Let’s remember:

Despite the number of global cases of COVID-19 surpassing the 4 million mark as of May 9, 2020, we are aware of only a handful of pets and captive or farmed wild animals that have tested positive for SARS-CoV-2. In all cases, the source of the infection for these animals was presumed to be one or more persons with confirmed or suspected COVID-19. At this point in time, there is also no evidence that domestic animals, including pets and livestock, can spread COVID-19 to people.

Therefore, these recommendations, which are supported by guidance from the US Centers for Disease Control and Prevention (CDC) and World Organization for Animal Health (OIE), are that:

  • Animal owners without symptoms of COVID-19 should continue to practice good hygiene during interactions with animals. This includes washing hands before and after such interactions and when handling animal food, waste, or supplies.
  • Do not let pets interact with people or other animals outside the household.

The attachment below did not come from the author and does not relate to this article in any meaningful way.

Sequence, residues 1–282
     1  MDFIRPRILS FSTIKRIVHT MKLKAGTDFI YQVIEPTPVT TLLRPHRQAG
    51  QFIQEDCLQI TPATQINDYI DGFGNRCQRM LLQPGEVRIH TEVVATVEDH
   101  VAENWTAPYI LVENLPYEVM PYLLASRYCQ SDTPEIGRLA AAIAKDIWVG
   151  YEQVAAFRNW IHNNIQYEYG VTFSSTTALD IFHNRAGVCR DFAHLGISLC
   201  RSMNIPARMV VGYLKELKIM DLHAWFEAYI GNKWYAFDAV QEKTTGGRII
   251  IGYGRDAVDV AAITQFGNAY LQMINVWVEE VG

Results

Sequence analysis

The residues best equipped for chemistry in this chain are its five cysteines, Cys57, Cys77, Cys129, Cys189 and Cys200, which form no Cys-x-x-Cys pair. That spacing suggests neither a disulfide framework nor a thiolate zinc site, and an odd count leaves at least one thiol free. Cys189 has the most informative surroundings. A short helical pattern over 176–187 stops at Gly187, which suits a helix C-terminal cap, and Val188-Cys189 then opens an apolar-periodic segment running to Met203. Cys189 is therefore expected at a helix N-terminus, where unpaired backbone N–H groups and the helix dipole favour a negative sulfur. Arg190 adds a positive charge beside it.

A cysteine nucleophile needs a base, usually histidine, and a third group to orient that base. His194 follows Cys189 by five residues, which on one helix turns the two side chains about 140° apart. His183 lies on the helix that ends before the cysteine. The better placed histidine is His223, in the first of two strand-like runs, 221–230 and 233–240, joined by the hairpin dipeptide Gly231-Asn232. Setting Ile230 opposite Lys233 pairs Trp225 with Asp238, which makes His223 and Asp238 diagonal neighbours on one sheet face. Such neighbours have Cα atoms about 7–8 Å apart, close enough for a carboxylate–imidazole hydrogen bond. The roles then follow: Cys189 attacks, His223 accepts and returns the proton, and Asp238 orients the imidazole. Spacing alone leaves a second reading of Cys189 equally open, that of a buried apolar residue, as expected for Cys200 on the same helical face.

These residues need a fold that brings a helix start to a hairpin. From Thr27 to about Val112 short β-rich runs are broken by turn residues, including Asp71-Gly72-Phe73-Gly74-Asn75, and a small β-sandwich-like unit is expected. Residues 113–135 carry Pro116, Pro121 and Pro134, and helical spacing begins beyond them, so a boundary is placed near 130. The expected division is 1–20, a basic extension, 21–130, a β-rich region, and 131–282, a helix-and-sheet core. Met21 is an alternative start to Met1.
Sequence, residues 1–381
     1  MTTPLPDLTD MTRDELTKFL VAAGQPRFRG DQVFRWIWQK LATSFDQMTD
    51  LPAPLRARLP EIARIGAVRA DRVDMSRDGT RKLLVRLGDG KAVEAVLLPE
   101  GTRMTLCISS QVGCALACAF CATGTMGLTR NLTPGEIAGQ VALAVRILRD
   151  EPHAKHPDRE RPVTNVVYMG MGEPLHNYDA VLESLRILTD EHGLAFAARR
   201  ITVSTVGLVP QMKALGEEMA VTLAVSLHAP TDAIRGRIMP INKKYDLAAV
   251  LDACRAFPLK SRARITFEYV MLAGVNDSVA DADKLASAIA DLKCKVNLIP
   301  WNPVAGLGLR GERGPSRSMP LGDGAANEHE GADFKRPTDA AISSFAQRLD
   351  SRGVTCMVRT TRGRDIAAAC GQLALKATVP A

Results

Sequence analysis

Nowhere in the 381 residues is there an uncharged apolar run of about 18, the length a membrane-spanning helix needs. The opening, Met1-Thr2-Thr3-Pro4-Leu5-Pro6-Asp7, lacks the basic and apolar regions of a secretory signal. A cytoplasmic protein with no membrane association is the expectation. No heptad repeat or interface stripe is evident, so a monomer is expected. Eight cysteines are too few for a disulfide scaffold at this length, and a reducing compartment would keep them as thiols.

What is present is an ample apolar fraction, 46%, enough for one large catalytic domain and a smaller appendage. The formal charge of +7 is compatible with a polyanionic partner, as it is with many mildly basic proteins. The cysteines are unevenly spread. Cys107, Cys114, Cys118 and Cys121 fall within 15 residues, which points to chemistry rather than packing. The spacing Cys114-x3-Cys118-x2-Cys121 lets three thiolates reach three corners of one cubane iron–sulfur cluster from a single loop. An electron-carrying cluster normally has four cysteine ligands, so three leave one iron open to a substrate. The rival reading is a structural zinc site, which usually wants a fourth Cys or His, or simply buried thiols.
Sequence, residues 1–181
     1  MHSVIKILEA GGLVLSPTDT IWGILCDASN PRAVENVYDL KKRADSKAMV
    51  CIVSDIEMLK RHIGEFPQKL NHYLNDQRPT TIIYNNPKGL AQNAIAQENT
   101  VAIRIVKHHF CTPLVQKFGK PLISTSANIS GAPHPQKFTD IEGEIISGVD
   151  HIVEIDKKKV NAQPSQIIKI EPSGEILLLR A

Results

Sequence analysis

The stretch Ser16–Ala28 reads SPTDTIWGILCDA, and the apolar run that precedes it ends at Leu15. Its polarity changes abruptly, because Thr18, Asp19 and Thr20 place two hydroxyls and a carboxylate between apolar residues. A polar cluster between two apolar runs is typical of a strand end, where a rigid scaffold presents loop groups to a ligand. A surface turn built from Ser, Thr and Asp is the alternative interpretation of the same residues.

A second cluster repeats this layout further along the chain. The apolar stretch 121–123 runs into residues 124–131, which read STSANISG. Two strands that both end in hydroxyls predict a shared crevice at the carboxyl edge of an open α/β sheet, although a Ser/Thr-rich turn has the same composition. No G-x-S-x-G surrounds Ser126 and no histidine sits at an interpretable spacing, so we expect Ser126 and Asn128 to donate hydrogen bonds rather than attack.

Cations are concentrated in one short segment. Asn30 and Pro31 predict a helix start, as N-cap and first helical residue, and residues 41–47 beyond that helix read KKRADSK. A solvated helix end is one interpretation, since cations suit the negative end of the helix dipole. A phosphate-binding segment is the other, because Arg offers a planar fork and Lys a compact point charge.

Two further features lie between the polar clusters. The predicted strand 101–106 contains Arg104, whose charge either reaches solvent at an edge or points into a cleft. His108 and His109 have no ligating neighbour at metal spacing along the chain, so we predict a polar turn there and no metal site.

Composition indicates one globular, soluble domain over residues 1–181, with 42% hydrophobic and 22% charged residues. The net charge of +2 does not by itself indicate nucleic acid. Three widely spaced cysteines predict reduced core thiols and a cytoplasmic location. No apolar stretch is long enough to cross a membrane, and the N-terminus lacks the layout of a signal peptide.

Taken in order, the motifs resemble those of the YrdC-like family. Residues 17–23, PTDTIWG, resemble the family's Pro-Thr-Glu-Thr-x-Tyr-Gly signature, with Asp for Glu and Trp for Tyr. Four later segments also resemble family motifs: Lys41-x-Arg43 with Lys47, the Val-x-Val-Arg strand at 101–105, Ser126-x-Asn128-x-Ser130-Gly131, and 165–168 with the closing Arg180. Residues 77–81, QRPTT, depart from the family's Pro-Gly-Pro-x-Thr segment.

• Keep cats indoors, when possible, to prevent them from interacting with other animals or people.
  • Walk dogs on a leash, maintaining at least 6 feet from other people and animals. Avoid dog parks or public places where a large number of people and dogs gather.
  • Until more is known about the virus, those ill with COVID-19 should restrict contact with pets and other animals, just as you would restrict your contact with other people. Have another member of your household or business take care of feeding and otherwise caring for any animals, including pets.  If you have a service animal or you must care for your animals, including pets, then wear a cloth face covering; don’t share food, kiss, or hug them, and wash your hands before and after any contact with them.
  • At this point in time, there is no evidence to suggest that domestic animals, including pets and livestock, that may be incidentally infected by humans play a role in the spread of COVID-19.